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First Known Use of abandon

Verb

14th century, in the meaning defined at sense 1a

Noun

1815, in the meaning defined above

History and Etymology for abandon

Verb

Middle English abandounen, borrowed from Anglo-French abanduner, derivative of abandun "surrender, abandonment," from the phrase a bandun "in one's power, at one's disposal," from a "at, to" (going back to Latin ad "to") + bandun "jurisdiction," going back to a Gallo-Romance derivative of Old Low Franconian *bann- "summons, command" (with -d- probably from outcomes of Germanic *bandwō "sign") — more at at entry 1, ban entry 1, banner entry 1

Noun

borrowed from French, in part derivative of abandonner "to abandon," in part going back to Old French abandon, abandun "surrender" — more at abandon entry 1

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Time Traveler for abandon

Time Traveler

The first known use of abandon was in the 14th century

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Statistics for abandon

Last Updated

5 Aug 2020

Cite this Entry

“Abandon.” Merriam-Webster.com Dictionary, Merriam-Webster, https://www.merriam-webster.com/dictionary/abandon. Accessed 15 Aug. 2020.

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More Definitions for abandon

abandon

verb
How to pronounce abandon (audio)

English Language Learners Definition of abandon

 (Entry 1 of 2)

: to leave and never return to (someone who needs protection or help)
: to leave and never return to (something)
: to leave (a place) because of danger

abandon

noun

English Language Learners Definition of abandon (Entry 2 of 2)

: a feeling or attitude of wild or complete freedom

abandon

verb
aban·​don | \ ə-ˈban-dən How to pronounce abandon (audio) \
abandoned; abandoning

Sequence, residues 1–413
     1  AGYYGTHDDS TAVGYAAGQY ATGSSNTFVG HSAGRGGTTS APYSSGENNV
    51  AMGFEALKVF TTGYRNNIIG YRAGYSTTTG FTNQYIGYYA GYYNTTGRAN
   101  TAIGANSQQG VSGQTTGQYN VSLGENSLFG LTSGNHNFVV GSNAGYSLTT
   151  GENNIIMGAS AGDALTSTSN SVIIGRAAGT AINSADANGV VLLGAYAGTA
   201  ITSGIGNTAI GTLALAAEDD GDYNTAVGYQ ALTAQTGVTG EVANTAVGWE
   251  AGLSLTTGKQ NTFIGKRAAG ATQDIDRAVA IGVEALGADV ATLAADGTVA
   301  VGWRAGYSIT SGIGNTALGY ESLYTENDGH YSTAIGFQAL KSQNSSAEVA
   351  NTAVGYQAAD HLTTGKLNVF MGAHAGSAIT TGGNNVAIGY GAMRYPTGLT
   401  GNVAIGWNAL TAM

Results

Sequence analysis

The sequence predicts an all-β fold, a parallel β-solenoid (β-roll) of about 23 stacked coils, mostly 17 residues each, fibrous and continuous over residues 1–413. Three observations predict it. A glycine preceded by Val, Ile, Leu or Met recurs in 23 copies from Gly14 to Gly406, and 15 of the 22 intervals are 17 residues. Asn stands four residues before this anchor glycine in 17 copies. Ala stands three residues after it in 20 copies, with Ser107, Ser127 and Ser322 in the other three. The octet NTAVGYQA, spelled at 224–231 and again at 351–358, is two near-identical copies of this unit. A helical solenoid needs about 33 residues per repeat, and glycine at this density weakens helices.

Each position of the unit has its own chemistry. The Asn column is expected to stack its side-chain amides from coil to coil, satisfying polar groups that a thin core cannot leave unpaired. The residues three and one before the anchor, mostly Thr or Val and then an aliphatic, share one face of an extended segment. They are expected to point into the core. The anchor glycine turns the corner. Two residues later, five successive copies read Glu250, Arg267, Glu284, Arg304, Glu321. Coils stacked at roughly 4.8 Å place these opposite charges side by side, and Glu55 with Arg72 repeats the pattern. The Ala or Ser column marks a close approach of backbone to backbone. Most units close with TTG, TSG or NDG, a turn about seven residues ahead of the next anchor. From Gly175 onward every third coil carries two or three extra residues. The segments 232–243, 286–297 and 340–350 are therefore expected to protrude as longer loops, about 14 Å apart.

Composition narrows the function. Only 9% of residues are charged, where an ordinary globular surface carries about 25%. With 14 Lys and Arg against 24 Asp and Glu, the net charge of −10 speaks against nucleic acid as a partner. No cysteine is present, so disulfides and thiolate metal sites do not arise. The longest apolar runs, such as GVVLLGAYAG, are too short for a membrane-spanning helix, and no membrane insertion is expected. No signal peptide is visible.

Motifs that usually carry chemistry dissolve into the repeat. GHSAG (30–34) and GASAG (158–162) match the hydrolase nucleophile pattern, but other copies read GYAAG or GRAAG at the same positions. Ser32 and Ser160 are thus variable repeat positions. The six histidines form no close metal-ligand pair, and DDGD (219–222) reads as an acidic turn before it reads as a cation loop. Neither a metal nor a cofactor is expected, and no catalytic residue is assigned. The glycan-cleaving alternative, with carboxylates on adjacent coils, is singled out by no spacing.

Kids Definition of abandon

 (Entry 1 of 2)

1 : to leave and never return to : give up completely They had to abandon the sinking ship.
2 : to stop having or doing Never abandon hope. … Mr. Popper had abandoned his telephoning …— Richard and Florence Atwater, Mr. Popper's Penguins

Other Words from abandon

abandonment \ -​mənt \ noun

abandon

noun

Kids Definition of abandon (Entry 2 of 2)

: a feeling of complete freedom Grandpa drove with reckless abandon.

Choose the Right Synonym for abandon

Verb

abandon, desert, and forsake mean to give up completely. abandon is used when someone has no interest in what happens to the person or thing he or she has given up. She abandoned the wrecked car on the side of the road. desert is used when a person leaves something to which he or she has a duty or responsibility. He deserted his family. forsake is used when a person is leaving someone or something for which he or she once had affection. Don't forsake old friends in times of trouble.

aban·​don

Legal Definition of abandon

1 : to give up with the intent of never again asserting or claiming an interest in (a right or property)
2 : to disassociate oneself from or forsake in spite of a duty or responsibility to abandon one's child
3 : to renounce one's obligations and rights under abandon a contract
4 : to fail purposely to bring to completion or fruition abandon a crime abandon a lawsuit

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More from Merriam-Webster on abandon

Thesaurus: All synonyms and antonyms for abandon

Spanish Central: Translation of abandon

Nglish: Translation of abandon for Spanish Speakers

Britannica English: Translation of abandon for Arabic Speakers